In this blog, we look at grief and what you might be experiencing if you’ve lost someone you know.
What is grief?
When someone you know dies, it can be extremely difficult. You may be grieving because of the death or loss of a family member, friend, peer, colleague or pet.
There’s no one way to grieve. Your grief might be influenced by your relationships with the person, culture, beliefs, or how your friends, family and community think about death.
Grief can involve a lot of different emotions like sorrow, anger, resentment, shock, guilt and relief. You may also feel numb and not feel anything. Grief can affect how you feel, both mentally and physically.
However, people can still feel grief toward those who are living. Grief can also be felt after a change in relationship, such as a breakup or moving far away from those you love. Grief can also be felt if someone you’re close to develops an illness like dementia or cancer.
Dealing with grief
Grief is a process. There’s no certain length of time it can last, just like there’s no specific way you should think or feel. Sometimes you’ll feel grief when you least expect it, even years after your loss.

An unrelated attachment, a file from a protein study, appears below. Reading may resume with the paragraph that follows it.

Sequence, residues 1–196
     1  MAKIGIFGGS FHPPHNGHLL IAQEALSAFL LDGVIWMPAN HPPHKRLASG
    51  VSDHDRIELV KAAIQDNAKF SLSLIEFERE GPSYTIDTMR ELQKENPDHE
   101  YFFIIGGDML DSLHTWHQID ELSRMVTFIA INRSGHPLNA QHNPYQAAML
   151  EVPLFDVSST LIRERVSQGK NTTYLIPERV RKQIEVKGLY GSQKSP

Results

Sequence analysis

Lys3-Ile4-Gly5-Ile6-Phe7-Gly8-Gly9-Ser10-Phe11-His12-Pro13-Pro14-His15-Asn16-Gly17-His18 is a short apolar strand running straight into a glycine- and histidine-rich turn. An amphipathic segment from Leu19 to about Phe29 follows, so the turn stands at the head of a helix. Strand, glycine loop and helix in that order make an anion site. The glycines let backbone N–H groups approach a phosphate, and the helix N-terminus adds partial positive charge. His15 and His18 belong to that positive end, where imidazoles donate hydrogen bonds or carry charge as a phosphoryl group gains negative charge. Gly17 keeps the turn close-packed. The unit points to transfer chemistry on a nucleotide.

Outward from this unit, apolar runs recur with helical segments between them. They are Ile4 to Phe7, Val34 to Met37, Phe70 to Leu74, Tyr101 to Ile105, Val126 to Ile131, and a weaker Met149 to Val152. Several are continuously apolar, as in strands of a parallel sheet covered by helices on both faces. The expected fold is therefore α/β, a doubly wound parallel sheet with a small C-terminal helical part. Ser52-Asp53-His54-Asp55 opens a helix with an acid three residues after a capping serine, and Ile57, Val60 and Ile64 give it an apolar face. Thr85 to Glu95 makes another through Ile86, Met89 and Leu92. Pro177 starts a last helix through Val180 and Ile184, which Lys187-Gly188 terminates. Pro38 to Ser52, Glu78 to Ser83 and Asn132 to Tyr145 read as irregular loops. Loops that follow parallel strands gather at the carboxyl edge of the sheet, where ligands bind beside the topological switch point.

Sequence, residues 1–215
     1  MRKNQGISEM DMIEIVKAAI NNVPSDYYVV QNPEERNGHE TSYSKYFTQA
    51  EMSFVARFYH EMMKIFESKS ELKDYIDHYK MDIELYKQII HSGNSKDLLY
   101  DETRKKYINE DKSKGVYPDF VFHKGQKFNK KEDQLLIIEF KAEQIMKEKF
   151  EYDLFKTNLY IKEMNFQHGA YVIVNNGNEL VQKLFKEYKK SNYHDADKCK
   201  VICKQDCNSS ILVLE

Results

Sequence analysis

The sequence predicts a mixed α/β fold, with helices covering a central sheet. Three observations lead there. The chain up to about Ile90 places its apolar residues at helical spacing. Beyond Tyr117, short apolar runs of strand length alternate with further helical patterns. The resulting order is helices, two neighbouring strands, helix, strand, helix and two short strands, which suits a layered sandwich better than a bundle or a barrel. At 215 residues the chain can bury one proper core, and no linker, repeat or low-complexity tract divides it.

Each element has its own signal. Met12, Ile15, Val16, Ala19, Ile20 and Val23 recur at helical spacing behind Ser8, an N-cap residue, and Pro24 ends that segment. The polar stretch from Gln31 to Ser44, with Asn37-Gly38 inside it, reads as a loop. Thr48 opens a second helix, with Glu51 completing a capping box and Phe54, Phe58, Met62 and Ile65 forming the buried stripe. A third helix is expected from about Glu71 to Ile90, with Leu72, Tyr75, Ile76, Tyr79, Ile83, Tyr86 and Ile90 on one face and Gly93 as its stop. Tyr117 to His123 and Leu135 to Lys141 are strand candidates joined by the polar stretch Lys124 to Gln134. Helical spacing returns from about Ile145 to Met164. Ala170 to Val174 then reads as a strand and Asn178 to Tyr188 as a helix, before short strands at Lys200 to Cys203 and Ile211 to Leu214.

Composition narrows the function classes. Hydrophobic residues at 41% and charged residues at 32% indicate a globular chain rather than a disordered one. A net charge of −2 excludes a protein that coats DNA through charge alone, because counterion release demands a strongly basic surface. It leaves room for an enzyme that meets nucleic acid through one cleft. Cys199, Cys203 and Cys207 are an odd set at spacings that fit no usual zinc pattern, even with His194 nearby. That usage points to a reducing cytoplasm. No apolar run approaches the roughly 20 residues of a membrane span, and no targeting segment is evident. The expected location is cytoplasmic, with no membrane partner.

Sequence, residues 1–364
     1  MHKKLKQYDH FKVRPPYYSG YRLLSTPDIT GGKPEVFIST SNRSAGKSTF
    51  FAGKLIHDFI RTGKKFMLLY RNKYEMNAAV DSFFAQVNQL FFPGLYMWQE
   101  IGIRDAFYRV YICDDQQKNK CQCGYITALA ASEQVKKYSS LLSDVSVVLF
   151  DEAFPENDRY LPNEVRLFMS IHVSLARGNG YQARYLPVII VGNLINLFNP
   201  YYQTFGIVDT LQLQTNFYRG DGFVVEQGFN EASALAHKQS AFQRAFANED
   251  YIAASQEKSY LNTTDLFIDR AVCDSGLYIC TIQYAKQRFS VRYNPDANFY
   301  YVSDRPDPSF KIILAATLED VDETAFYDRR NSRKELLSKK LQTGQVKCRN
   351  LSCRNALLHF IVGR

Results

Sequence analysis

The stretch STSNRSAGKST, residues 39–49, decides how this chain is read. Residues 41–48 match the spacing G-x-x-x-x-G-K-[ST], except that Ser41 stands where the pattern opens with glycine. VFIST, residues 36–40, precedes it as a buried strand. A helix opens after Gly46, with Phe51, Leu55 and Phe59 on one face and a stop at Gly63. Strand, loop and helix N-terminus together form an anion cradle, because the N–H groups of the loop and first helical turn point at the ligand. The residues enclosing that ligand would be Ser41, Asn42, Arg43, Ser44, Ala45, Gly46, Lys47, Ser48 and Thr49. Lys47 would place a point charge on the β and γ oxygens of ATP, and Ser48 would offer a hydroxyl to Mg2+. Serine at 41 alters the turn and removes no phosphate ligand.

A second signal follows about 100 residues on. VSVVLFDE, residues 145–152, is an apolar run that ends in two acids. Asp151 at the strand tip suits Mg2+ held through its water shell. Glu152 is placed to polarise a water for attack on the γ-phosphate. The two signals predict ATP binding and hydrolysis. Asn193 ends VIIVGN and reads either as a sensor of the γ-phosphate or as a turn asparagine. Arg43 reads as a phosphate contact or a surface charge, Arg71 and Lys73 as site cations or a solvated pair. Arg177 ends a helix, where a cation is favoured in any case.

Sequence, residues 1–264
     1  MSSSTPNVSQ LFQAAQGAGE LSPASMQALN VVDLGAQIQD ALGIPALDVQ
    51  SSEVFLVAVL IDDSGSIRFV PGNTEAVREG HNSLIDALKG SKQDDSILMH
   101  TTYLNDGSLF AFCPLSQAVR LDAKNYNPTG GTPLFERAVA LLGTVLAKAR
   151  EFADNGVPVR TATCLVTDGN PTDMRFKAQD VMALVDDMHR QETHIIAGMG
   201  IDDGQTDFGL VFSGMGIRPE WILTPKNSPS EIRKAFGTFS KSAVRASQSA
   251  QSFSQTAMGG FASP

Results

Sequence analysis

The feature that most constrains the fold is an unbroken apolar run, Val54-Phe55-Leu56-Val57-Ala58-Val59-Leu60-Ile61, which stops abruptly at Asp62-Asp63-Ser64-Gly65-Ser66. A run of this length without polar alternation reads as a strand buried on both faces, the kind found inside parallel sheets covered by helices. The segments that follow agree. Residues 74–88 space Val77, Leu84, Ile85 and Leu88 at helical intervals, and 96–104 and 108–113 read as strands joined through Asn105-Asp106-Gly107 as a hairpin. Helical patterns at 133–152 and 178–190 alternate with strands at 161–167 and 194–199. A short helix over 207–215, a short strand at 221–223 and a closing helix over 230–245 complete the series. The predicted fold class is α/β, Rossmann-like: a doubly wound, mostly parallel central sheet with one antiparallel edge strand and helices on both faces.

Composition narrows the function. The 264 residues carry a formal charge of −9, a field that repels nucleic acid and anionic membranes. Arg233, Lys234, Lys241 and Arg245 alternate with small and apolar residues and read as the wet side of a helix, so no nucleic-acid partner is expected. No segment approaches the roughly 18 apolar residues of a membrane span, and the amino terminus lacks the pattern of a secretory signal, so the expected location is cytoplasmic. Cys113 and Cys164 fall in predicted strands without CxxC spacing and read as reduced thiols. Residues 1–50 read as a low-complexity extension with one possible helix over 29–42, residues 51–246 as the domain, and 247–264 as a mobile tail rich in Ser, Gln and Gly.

Most people work through their grief with the support of those around them, like their friends, family and communities. Grief can be isolating, so talking is a great way to work through grief. If you don’t feel you can talk to those around you, you could seek support from grief counselling services and helplines.
Expressing yourself can be really beneficial to help with the process of grief. You could write a letter to the person you’ve lost telling them everything you want to say to them. You could keep a journal or a diary of how you feel. You could write a poem, rap, or song in memory of the person you’ve lost or even draw or paint a picture of them. Creating a memory box or scrapbook full of photographs and items that remind you of the lost person could also help you express your grief.
Moving on from grief
Some people feel guilty for not feeling intense grief anymore and being able to carry on with their lives. This doesn’t mean that you don’t care for the person you have lost. You can move on and continue to live your life the way you want.
Grief is becoming too much
There are many services and helplines across Wales and the UK to support your work through grief. A list of be found on TheSprout’s Grief, Loss and Bereavement Information Page.
If your grief is becoming too much to handle, contact your GP about how you feel.
Grieving whilst someone is still alive? That’s called anticipatory grief.